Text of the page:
To cooperate with African countries in the farm sector will not only benefit local people but will also provide a potential agricultural import source for China, which could ensure domestic food safety and stability amid escalating trade tensions with the U.S., experts said at an agricultural seminar held in Beijing on Thursday.
The forum was held by the China Institute for South-South Cooperation in Agriculture ahead of the 2018 Forum on China-Africa Cooperation, which is scheduled to run from September 3 to 4.
Bilateral trade cooperation, including agricultural cooperation, will surely be strengthened further under the framework, experts noted.
"Africa has a fast-growing economy, and the population of Africa is expected to reach 2 billion by 2050, indicating a large potential market. With these advantages and abundant resources, I believe Africa is the next growth point in the world, along with Southeast Asia," Liu Hanwu, general secretary of the Chinese Foreign Agricultural Development Industry Alliance, said.
In terms of agriculture, Africa has abundant resources that could feed the whole world, said Li Xiaoyun, a professor at China Agricultural University.
However, due to disadvantages like high costs and low mechanization levels, Africa can hardly export its agricultural products. But China can help with this, Li said.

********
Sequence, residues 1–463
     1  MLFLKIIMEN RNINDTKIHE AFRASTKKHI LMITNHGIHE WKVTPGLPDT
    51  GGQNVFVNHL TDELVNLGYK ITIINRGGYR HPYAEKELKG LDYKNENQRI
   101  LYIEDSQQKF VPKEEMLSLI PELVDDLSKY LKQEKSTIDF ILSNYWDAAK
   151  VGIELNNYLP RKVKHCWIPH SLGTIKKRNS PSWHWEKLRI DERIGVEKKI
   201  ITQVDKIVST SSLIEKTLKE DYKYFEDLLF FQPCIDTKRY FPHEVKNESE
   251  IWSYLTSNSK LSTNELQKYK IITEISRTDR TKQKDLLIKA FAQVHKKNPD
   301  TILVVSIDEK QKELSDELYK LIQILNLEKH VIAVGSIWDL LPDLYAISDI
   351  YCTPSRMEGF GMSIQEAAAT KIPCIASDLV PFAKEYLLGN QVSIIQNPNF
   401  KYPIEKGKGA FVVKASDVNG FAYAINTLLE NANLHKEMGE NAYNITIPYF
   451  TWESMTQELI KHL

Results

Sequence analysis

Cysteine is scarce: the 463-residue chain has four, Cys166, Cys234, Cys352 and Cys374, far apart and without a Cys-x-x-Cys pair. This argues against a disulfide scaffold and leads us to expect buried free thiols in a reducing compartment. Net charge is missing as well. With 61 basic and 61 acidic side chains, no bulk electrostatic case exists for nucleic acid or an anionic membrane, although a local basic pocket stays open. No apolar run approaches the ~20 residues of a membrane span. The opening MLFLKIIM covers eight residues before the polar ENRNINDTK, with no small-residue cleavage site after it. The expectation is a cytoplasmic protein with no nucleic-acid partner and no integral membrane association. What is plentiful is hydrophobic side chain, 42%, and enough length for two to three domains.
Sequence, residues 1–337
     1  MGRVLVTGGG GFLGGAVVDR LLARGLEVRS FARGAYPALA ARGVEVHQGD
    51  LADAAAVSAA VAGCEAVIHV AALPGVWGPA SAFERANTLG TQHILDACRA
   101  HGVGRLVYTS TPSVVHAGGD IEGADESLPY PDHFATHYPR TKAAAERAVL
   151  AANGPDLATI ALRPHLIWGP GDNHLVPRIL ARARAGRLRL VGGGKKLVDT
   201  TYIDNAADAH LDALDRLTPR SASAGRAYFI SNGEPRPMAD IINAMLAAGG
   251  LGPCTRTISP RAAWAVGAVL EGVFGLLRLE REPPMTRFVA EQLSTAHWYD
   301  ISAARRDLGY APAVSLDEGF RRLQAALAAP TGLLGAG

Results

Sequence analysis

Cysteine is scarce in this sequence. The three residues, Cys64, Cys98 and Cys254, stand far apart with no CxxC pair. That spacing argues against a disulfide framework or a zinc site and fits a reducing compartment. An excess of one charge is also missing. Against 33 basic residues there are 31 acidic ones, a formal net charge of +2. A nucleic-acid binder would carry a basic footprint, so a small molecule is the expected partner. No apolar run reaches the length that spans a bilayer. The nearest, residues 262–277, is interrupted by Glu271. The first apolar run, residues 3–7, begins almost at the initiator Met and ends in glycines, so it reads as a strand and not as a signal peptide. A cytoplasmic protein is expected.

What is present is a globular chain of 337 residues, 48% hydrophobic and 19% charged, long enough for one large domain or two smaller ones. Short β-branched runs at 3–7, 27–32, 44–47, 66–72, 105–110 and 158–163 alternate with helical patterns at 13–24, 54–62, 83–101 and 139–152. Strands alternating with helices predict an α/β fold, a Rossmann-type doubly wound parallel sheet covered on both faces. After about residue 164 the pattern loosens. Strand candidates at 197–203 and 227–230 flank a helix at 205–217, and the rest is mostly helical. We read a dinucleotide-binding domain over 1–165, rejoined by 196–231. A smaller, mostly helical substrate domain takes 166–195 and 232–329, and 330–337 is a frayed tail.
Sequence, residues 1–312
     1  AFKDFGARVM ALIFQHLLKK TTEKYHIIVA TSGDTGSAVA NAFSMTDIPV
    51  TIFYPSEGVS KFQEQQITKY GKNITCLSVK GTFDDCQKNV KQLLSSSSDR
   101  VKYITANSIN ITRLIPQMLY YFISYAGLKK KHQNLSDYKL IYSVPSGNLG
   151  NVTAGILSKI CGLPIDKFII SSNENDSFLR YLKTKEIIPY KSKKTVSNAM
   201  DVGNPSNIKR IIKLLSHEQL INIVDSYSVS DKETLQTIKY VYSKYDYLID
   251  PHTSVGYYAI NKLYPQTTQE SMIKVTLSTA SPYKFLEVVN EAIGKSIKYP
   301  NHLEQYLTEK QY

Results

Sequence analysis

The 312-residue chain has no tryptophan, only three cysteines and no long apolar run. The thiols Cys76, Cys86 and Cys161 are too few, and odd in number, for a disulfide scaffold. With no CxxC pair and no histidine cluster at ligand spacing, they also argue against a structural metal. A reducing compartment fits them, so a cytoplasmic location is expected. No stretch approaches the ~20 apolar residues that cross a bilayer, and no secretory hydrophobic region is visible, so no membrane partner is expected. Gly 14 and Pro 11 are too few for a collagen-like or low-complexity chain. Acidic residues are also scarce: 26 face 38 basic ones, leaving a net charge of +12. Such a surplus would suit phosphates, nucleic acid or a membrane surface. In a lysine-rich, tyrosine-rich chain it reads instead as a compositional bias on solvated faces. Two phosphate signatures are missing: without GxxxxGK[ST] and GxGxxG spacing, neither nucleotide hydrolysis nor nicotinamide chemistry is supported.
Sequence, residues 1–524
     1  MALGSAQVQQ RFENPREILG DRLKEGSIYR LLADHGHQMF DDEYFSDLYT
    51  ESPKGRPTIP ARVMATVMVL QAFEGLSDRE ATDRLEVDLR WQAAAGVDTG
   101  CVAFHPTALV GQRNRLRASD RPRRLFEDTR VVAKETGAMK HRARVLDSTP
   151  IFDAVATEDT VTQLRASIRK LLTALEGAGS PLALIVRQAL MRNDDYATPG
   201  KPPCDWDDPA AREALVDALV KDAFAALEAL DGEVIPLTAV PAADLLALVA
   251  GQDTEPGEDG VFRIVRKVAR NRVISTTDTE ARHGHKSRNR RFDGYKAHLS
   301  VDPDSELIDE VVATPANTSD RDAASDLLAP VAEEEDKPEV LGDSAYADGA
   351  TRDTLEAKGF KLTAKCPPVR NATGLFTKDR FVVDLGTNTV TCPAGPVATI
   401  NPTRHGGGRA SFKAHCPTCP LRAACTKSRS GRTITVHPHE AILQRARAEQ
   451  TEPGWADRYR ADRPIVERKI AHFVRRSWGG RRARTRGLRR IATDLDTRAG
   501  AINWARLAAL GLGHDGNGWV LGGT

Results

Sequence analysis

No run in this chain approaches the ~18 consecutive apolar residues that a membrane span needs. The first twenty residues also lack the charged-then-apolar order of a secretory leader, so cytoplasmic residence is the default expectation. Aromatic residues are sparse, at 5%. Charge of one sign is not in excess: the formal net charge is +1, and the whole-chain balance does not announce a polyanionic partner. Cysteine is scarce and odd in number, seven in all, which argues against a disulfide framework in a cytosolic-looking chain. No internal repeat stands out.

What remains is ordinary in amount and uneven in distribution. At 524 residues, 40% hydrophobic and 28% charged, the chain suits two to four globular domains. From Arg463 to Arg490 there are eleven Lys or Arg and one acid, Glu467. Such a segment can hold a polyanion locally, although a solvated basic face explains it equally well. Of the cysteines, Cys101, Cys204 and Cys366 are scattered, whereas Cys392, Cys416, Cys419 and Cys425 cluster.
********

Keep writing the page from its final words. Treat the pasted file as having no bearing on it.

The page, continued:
The agricultural mechanization level in Africa is quite low, with most of the production still relying on human and animal power. Except for some commercialized farms, small farmers can't afford any equipment, experts said at the seminar.
According to data from the UN Food and Agriculture Organization, Africa produces little chemical fertilizer, and its fertilizer application rate is at a comparatively low level, standing at only 56.9 kilograms per hectare, while the average rate in Asia was 246.3 kilograms.
Liu suggested that China could export advanced agricultural equipment like farm tractors that are urgently needed by African countries, while helping local people market high-quality agricultural products such as blueberries and export such crops to China, as well as other countries.
Some loans and capital aid from China could be directed into the farm sector to further improve its development, Liu said.
China and Africa have highly complementary trade structures, so the cooperation between China and Africa has long-term strategic meaning. "We are now also partners," Li said.
"It's unavoidable that there may be some problems in cooperation between China and Africa - for example, disagreements arising from policy or cultural issues - but the two undoubtedly have great potential to cooperate in the future," Chen Zhigang, researcher of the International Food Policy Research Institute, told the Global Times on Thursday.